|Article Type:||E-book review|
|Subject:||E-books (E-book reviews)|
|Publication:||Name: The American Biology Teacher Publisher: National Association of Biology Teachers Audience: Academic; Professional Format: Magazine/Journal Subject: Biological sciences; Education Copyright: COPYRIGHT 2010 National Association of Biology Teachers ISSN: 0002-7685|
|Issue:||Date: March, 2010 Source Volume: 72 Source Issue: 3|
|Topic:||NamedWork: Doing Biology (Textbook)|
|Persons:||Reviewee: Hagen, Joel; Allchin, Douglas; Singer, Fred|
Doing Biology [c] 1996 Joel Hagen, Douglas Allchin, & Fred
National standards and many states' curriculum frameworks now refer to teaching of the "history and nature of science." The SHIPS (Sociology, History and the Philosophy of Science) Resource Center at the University of Minnesota has sought to provide classroom resources that address these content standards. One of those resources is the recently released Doing Biology CD and companion Web site (http://www. doingbiology.net). The Web site states:
Doing Biology is a textbook disguised as a digital resource. The CD is organized into 17 chapters. Each chapter features a PDF of one of the chapters from the 1996 release of the Doing Biology textbook. The CD and associated Web site are virtually identical. The resource is user friendly, with easy-to-follow links to each chapter's PDF. An index of science "themes" is provided to assist teaching by linking scientific ideas to specific stories. For example, the idea "burden of proof is visited in chapters 6, 12, and 17. The Web site displays a table of contents with individual scientists' stories arranged in four broad headings: Evolution & Diversity, Cellular Biology, Organismal Biology, and Ecology & Behavior.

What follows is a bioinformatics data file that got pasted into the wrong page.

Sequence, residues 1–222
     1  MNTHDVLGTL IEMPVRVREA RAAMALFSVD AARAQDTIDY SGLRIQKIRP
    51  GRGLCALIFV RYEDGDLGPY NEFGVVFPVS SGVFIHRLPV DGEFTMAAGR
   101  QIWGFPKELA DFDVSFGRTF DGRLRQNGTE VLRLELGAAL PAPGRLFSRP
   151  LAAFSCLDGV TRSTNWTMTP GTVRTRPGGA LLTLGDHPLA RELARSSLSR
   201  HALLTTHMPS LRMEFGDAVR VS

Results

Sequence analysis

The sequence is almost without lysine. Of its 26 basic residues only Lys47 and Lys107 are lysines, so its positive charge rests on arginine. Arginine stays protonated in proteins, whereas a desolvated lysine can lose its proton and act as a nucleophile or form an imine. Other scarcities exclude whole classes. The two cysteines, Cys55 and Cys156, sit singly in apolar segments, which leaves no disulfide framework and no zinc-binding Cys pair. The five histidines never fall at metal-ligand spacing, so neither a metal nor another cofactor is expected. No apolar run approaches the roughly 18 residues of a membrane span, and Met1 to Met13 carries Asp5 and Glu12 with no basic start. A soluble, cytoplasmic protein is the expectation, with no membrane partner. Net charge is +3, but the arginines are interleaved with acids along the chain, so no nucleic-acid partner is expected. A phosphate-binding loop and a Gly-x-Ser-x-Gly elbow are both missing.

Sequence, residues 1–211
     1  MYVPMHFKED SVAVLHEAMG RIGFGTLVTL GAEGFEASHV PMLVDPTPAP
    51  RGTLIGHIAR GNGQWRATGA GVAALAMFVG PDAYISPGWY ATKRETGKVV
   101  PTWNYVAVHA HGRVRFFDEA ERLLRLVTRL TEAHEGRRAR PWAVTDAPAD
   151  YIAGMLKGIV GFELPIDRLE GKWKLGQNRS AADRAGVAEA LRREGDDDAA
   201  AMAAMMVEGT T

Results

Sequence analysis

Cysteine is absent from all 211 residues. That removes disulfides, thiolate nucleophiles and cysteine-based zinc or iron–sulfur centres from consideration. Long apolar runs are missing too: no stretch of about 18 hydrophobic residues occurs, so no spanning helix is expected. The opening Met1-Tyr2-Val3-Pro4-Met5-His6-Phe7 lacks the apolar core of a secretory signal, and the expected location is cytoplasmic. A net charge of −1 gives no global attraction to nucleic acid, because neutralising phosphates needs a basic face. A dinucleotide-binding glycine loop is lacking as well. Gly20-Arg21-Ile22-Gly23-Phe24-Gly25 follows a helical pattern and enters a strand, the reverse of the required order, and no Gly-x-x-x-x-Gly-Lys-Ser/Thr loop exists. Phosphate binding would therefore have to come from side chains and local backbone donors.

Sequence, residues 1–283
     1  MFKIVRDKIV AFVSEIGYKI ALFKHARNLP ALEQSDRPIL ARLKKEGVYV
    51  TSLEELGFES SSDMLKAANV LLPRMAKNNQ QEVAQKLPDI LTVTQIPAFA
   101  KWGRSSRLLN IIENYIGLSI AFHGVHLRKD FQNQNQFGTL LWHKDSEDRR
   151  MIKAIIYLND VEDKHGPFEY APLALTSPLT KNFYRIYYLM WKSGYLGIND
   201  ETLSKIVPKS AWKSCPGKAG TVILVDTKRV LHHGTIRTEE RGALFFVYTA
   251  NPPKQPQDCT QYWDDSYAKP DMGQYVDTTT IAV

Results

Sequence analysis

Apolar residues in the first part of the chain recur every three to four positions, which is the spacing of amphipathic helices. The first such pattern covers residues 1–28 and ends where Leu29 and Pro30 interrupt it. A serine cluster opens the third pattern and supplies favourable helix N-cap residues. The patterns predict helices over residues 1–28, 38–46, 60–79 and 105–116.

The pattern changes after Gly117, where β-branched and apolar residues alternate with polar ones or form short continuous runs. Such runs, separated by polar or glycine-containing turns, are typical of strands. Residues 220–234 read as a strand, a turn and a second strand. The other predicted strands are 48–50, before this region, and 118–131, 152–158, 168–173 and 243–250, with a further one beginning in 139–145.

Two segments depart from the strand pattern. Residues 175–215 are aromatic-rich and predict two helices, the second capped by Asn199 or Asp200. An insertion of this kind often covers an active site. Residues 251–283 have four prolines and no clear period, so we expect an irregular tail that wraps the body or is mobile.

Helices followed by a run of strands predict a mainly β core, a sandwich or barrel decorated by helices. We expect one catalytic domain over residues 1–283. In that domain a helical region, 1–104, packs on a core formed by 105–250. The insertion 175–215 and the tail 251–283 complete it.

Each of the chapters provides detailed historical perspective and background information for a specific scientific discovery or breakthrough. The stories of the personalities of the scientists are told with a clear voice. The book does a very good job of explaining how wildly unpopular and controversial ideas can become mainstream scientific thought in a relatively short time and why ideas that are commonplace today may have been unpopular when originally proposed. All in all, these stories make for pleasant and informative reading.
While the stories are compelling and interesting for those who wish to know the personal story behind the discovery, the CD and companion Web site do very little to bring those stories to life. Each PDF chapter is 10-15 pages of scanned text. The textbook chapters, albeit well written, are difficult to read because of scan quality issues. The "guided inquiry" format mentioned in the preface is nothing more than strategically placed framing questions printed in bold type. In traditional textbook style, each chapter is followed by several questions for assessing comprehension. For something that proposes to help us teach "outside the textbook," this looks and feels very much like a textbook.
Educator in Residence
HudsonAlpha Institute for Biotechnology
We present 17 historical cases studies in a guided inquiry format. We have aimed to address several proposals for reforming science education. Textbooks teach biological content. We want students learn more: about the history and nature of science, about science in practice....
|Gale Copyright:||Copyright 2010 Gale, Cengage Learning. All rights reserved.|